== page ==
The Klez virus e-mails are back.And the paranoia.But, apparently, it's happening all over, says Wired News at www. wired. com/news/technology.The Klez e-mail 'typically appears to have been sent by someone the recipient knows.Receiving an e-mail containing the Klez virus from someone does not indicate that their computer is infected or that they sent the virus, antiviral experts said.'
Wired is clearly not all that sure that people get virus e-mails entirely randomly - recently some US antiviral firm employees appear to have received abusive personal Klez e-mails from rival firms. Who knows? Right now the suspicion is that they were hand-sent to raise personal hackles. But these are special cases.The rest seem to be sent according to the virus's rules of operation.
What Klez does, once it gains access to your computer and disables any antiviral software, is to search 'for files containing e-mail addresses. It randomly selects one as the sender and then transmits e-mails with attachments containing the virus to the rest of the addresses, ' reports Wired News.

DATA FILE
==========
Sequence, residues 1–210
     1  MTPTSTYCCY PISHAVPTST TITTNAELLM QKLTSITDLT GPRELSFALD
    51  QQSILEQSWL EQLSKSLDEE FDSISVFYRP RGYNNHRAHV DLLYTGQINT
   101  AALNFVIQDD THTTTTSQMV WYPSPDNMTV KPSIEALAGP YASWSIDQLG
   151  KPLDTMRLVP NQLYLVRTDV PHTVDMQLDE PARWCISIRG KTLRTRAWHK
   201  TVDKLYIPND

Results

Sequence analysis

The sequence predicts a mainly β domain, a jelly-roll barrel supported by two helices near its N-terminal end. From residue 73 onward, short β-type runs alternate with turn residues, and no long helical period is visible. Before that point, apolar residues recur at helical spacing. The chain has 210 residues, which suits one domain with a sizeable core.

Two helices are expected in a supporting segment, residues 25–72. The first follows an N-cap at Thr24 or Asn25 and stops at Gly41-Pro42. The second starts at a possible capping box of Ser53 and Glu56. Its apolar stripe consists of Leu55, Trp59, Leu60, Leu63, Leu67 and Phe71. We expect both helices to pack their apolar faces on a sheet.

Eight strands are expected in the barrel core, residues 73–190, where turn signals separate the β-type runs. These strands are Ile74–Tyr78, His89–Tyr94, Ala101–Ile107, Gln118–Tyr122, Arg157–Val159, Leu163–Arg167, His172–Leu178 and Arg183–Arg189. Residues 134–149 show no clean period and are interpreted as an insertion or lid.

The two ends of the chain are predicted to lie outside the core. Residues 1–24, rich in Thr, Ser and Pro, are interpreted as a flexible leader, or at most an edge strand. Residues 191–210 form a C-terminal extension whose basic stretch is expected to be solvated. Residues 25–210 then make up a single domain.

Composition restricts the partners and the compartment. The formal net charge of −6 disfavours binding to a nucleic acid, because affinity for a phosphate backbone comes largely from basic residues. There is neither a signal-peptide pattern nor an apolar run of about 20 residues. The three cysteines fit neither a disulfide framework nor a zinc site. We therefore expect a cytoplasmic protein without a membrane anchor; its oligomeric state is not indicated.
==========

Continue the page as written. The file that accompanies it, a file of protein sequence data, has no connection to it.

Klez sometimes appears as a pretend antidote for itself, and as bogus returned or undeliverable e-mails. I've had them all. And a number of people and organisations I know of have been infected. I've searched, but there seems to be no solution apart from changing your address. Trouble is that one of your mates might be the unaware source of the messages and when you tell them of the change of address, they add it to their address list and off it starts again.
I've said this before but you not only need antiviral software but you need to keep it up to date: it's only as good as its boffins'ability to discover new viruses and work out how to detect them.
Quite a lot of you have joined up with a BT broadband connection, some blissfully, some not. Whatever, here is the site to get the best information on ADSL: http: //www. adslguide. org. uk/